Subrogation Settlement

Dallas insurance attorneys will sometimes run across semi-complicated subrogation issues. One of these situations arose in a 1998, Dallas Court of Appeals case styled, Universal Underwriters of Texas v. Transamerica Insurance Group, et al. Here is some of the relevant information from that case.
The case is a subrogation case between two insurance companies who settled a case. Morris was an employee of Race Promotions Management, Inc. d/b/a the Dallas Grand Prix. The Grand Prix had borrowed a 1988 Corvette owned by Young Chevrolet for promotions. Morris was involved in a single car accident which killed his passenger, Bradshaw. Morris was legally intoxicated. Bradshaw’s parents sued Morris and Young Chevrolet alleging negligence and negligence per se against Morris, and negligent entrustment and strict liability against Young Chevrolet. Young Chevrolet brought a third party action against Grand Prix as Morris’ employer. Universal insured Young Chevrolet and Transamerica insured Grand Prix. Transamerica, Universal and others settled with the Bradshaws for $695,000. Universal paid $275,000 on behalf of Young Chevrolet. Allstate paid $20,000 on behalf of Morris under his personal auto policy. Transamerica paid $400,000 in return for which the Bradshaws released Morris, Race Promotions Management, Southway Management Corporation, Grand Prix, Ronald Scott Wheeler, Darryl Snaden, Southern Sports Management, Allstate, Transamerica, and the adjuster. In all, the Bradshaws released ten individuals and entities.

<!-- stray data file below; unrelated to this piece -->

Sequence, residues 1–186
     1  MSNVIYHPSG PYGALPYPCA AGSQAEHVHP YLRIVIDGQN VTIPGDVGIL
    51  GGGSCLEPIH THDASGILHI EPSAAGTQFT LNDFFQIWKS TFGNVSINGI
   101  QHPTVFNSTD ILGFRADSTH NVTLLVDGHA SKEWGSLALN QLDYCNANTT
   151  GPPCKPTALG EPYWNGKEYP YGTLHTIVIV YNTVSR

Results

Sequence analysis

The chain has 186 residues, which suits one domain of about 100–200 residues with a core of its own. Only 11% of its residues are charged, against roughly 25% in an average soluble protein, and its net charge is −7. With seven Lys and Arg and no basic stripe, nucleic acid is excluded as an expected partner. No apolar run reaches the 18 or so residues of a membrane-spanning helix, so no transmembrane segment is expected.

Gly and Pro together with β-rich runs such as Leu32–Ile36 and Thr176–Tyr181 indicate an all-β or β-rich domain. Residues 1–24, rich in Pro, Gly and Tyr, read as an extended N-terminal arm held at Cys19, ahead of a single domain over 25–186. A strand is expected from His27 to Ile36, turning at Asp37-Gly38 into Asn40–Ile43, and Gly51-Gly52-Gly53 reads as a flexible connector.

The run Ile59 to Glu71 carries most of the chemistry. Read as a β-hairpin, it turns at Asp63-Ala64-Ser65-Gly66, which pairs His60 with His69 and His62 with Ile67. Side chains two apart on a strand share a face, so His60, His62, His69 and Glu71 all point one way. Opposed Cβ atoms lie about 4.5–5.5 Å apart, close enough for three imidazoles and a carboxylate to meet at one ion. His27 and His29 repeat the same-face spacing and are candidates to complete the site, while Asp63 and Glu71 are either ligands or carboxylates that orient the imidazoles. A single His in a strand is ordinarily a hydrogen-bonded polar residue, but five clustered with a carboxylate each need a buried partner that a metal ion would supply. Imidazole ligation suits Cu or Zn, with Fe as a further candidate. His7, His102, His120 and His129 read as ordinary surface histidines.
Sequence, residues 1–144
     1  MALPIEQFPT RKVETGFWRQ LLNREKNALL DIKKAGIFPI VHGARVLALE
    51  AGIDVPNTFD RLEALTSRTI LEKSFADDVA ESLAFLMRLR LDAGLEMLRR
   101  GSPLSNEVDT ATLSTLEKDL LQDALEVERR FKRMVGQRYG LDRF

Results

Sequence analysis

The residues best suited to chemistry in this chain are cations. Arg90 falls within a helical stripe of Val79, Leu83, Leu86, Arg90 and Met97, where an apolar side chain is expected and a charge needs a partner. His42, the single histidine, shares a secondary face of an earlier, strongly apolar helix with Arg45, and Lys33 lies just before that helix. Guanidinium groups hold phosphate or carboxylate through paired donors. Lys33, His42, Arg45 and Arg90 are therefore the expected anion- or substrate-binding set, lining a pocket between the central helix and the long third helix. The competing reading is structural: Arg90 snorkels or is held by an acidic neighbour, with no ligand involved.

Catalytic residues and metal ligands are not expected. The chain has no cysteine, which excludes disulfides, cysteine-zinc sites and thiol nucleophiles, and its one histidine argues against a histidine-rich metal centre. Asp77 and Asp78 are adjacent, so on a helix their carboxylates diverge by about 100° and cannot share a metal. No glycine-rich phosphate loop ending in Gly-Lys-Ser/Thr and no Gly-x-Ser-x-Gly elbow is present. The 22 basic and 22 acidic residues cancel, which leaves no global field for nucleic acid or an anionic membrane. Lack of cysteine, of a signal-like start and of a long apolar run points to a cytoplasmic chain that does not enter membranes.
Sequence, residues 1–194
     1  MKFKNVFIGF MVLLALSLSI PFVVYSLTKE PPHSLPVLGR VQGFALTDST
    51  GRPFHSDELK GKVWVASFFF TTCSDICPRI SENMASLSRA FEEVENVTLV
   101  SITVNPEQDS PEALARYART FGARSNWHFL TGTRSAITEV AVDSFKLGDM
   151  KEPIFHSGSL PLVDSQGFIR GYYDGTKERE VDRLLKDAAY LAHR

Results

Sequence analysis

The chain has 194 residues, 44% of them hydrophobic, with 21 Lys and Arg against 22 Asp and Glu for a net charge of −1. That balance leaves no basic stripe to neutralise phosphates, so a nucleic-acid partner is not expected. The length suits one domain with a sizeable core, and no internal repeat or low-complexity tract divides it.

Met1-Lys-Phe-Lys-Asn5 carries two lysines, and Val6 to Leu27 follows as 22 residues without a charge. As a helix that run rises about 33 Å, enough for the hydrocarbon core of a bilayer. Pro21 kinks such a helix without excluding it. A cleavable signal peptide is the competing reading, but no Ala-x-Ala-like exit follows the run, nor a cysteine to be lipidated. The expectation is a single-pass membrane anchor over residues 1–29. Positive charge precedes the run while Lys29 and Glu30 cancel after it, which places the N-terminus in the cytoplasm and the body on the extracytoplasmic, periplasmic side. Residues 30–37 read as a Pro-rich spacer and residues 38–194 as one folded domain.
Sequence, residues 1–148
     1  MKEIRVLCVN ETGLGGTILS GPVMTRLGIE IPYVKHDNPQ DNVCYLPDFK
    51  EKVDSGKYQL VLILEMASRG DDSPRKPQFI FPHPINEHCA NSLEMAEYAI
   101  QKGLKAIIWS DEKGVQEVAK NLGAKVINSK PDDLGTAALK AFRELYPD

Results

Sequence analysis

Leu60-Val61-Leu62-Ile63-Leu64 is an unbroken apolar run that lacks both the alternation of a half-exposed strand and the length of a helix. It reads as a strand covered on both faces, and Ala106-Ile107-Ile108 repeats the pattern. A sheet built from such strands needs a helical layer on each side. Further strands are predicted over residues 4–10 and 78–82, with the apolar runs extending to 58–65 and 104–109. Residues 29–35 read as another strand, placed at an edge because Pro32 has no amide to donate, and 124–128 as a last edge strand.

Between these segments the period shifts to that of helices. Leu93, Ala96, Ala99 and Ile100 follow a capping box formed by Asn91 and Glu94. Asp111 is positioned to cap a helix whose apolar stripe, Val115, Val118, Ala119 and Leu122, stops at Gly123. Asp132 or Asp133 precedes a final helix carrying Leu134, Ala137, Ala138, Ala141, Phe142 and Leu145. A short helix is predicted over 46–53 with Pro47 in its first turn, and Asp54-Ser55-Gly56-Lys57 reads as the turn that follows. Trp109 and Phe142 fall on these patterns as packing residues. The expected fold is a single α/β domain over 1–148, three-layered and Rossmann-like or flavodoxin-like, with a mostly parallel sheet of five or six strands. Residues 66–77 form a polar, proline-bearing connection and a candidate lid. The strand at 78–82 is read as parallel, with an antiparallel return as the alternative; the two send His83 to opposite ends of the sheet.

After settling with the Bradshaws, Transamerica brought a declaratory judgment action against Universal asserting that Morris was insured under Universal’s policy. Transamerica’s policy provided that it was excess over any other collectable insurance. The trial court concluded that Transamerica proved that Morris was an insured under Universal’s garage policy, granted Transamerica judgment for the remainder of Universal’s policy limits of $225,000, as well as $30,000 in attorney’s fees. Universal filed this appeal.
This Dallas Court of Appeals reversed the judgment and rendered judgment in favor of Universal. The Court stated “subrogation” is the substitution of one party with another in reference to a lawful claim or right. There are two types of subrogation: equitable and contractual. Equitable subrogation does not depend on an express contract between the parties but arises by operation of law or by implication in equity to prevent injustice. When an insurance company pays a lose under a policy, it becomes equitably subrogated to any cause of action the insured may have had against a third-party. The insurance company right of subrogation derives from the rights of the insured and is limited to those rights. The settling insurance company bears the burden of establishing what portion of the settlement is attributable to its subrogor.
In this case, Transamerica did not apportion the settlement proceeds into the amount paid on behalf of Morris and the amount paid on behalf of Grand Prix or the other nine persons or entities that release Transamerica. Under Texas law, Transamerica had the burden of proving what portion of the settlement funds were actually paid on behalf of Morris, as opposed to funds paid to secure the release of others not covered by the Universal policy such as Grand Prix.